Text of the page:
The introduction of new disclosure requirements by China’s securities regulator has prompted a mini-exodus of capital “outsourced” by banks to ETF’s.
China’s ETF’s have released their first quarterly reports since the introduction of new regulations that require them to disclose any individual investors who hold 20% or more fund shares.
The China Securities Regulatory Commission introduced this requirement in March, with the goal of revealing the extent to which banks have entrusted or outsourced management of capital to fund companies, as well as to shine a spotlight on risks.
According to a recent Caixin report the introduction of the new regulations has already prompted a withdrawal of outsourced funds from publicly offered funds, with some institutions retracting their capital completely.
Their analysis found that out of 92 exchanged-traded bond funds a total of 57 had single investors who held stakes in excess of 20%, comprising more than 60% of the total.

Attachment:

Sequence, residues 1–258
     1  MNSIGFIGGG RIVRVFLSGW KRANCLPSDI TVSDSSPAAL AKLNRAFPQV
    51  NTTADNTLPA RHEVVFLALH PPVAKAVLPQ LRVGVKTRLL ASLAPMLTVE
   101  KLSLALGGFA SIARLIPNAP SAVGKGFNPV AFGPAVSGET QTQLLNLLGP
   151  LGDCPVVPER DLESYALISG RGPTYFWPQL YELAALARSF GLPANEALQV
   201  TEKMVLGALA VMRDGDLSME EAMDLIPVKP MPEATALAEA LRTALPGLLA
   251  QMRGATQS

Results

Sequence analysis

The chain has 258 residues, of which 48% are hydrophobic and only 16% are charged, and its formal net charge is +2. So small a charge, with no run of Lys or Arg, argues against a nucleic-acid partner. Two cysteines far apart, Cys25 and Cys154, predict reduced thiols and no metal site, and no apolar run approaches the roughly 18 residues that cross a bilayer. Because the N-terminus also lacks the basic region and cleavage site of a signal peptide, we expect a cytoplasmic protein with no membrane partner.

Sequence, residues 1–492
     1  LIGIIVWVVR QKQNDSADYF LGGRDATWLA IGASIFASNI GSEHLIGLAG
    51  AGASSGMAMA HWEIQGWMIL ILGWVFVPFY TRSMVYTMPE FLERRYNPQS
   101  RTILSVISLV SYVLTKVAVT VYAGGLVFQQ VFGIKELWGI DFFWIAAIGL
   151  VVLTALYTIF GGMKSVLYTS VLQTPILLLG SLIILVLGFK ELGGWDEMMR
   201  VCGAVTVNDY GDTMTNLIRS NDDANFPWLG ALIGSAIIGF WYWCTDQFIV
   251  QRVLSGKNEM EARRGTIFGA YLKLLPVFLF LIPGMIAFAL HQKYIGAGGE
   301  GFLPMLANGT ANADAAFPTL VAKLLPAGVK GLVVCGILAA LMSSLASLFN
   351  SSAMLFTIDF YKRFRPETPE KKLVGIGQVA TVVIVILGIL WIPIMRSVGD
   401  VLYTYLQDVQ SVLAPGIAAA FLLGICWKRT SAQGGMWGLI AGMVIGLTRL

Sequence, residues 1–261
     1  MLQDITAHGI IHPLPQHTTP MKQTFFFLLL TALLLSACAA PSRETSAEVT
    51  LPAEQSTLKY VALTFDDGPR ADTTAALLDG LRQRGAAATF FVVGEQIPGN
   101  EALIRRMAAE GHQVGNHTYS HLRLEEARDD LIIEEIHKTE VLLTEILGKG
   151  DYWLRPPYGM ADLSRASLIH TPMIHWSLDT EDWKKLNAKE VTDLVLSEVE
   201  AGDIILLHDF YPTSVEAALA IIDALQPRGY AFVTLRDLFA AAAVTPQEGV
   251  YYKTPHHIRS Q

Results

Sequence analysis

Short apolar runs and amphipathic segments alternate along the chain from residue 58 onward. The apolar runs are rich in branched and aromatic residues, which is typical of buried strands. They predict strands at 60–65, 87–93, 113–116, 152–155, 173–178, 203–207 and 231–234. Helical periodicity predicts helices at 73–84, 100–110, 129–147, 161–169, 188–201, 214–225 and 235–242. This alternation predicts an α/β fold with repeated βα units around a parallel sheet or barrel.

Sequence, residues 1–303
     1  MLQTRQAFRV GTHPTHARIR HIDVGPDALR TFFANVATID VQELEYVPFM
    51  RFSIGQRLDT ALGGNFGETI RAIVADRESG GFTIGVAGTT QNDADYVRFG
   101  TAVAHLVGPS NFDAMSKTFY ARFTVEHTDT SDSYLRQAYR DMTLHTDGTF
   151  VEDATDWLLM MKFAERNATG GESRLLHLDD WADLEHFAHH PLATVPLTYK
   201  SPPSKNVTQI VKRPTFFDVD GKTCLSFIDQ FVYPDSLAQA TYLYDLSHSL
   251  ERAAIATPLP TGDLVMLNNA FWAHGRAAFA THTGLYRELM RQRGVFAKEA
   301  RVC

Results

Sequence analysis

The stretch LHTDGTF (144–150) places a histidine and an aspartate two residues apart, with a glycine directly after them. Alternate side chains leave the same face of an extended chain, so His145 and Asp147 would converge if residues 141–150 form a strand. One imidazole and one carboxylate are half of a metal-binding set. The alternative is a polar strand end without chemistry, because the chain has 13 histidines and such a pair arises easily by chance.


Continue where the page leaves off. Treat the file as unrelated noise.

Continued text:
During the first quarter investors holding more than 20% in six of the funds withdrew their capital completely, while a total of 19 saw net redemptions.
The outsourcing by banks of investments to funds has become a focal point for regulators, due to concerns over liquidity risk and the adverse impact of large-scale redemptions by big investors upon the rights and interests of smaller stakeholders.
CSRC has sought to place restriction on the amount of capital that banks can outsourced to investment funds, establishing warning thresholds of 20% and 50% respectively in the the draft version of the “Publicly Offering Open Securities Investment Fund Liquidity Risk administrative Provisions” that it released at the end of March.
The draft provisions would set stringent conditions for any individual investor whose holdings in funds reach 50% or more of net assets, requiring that companies use their own capital or shareholder capital to subscribe for products worth no less than 10 million yuan, in order to establish an indirect tie between the products and company capital, and restrict any disorderly or discretionary issuance.
The second would be restriction of non-monetary products to those that are closed or closed for set terms of at least 3 months, in order to prevent the rapid withdrawal of outsourced capital or large-scale trading movements from adversely affecting liquidity.